Delivering best practice in site contamination assessments
The EPA presented at the 7th International Contaminated Site Remediation Conference – CleanUp 2017, sharing its approach to orphan site contamination assessment activities.
EPA Manager Site Contamination, Andrew Pruszinski said the South Australian Government’s $7.8 million investment over four years to manage the legacy of orphan sites recognises the importance on dealing with historical site contamination.
“This funding commitment announced in 2016 means the EPA can now undertake assessment work at orphan sites where it believes there is a potential and significant public health risk to the community.
“An EPA assessment area is established where information on site contamination identifies the need for assessment within a large area.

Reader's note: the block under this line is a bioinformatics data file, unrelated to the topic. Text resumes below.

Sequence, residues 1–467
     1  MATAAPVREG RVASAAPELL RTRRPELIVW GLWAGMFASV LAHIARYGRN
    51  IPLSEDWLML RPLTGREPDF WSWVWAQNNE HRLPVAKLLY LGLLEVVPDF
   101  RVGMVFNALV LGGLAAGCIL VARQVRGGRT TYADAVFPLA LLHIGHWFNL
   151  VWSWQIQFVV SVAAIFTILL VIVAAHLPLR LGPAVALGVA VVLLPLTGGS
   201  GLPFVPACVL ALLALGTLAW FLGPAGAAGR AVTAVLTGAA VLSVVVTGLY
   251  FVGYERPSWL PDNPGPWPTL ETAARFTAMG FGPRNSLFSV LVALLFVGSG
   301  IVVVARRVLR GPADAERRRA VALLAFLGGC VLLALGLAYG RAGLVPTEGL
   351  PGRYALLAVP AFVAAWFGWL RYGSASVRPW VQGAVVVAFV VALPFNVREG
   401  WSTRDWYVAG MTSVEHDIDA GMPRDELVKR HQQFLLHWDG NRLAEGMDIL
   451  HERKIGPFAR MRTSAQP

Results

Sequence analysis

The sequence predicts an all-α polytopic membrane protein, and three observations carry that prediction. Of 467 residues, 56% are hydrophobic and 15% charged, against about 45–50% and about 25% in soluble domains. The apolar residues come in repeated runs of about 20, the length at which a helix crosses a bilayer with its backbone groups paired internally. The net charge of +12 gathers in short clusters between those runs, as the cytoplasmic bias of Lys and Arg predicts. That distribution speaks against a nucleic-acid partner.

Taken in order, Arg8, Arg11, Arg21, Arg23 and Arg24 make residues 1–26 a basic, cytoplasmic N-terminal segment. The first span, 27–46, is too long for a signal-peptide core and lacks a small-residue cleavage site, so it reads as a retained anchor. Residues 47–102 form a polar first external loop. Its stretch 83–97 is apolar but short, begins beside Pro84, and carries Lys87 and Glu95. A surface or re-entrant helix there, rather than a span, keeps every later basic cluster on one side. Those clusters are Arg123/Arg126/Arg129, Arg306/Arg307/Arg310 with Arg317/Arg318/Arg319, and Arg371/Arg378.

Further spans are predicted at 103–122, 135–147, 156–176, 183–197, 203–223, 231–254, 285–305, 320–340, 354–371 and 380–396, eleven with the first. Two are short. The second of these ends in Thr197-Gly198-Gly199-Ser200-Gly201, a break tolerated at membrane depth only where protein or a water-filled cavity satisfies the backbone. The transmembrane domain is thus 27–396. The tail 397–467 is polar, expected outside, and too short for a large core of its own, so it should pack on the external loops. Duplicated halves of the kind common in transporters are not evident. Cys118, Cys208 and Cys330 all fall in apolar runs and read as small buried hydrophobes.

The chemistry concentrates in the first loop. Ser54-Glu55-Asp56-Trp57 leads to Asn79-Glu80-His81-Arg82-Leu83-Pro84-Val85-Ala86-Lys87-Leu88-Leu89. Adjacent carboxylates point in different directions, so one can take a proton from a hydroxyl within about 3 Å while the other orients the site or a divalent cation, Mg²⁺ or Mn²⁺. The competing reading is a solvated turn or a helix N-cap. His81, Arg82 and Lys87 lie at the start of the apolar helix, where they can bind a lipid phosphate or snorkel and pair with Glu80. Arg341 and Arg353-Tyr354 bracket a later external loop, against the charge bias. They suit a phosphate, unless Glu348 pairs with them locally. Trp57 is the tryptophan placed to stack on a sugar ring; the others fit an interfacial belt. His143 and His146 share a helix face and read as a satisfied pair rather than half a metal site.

“This will typically be in situations when site contamination has extended outside the boundaries of a site and a responsible party has not been identified or does not exist,” he said.
The EPA to date has undertaken multiple large-scale assessment programs across metropolitan Adelaide.
“We continually update our technologies and approaches and use multiple methods of assessment,” he said.
“Through our learnings we have found the importance of understanding site history, activities and locations of all potential sources.
“Multiple lines of evidence are required including collection of field data and use of characterisation technologies,” Mr Pruszinski said.
Mr Pruszinski said that while working on the assessments activities, the need to keep the community informed through engagement is critical.
“We have a significant focus on proactive community engagement to ensure all affected owners and occupiers are notified throughout the process – from the assessments to remediation works,” he said.
“We continually adapt our work and technologies, aiming for best-practice in site contamination assessment and providing leadership in this area,” Mr Pruszinski said.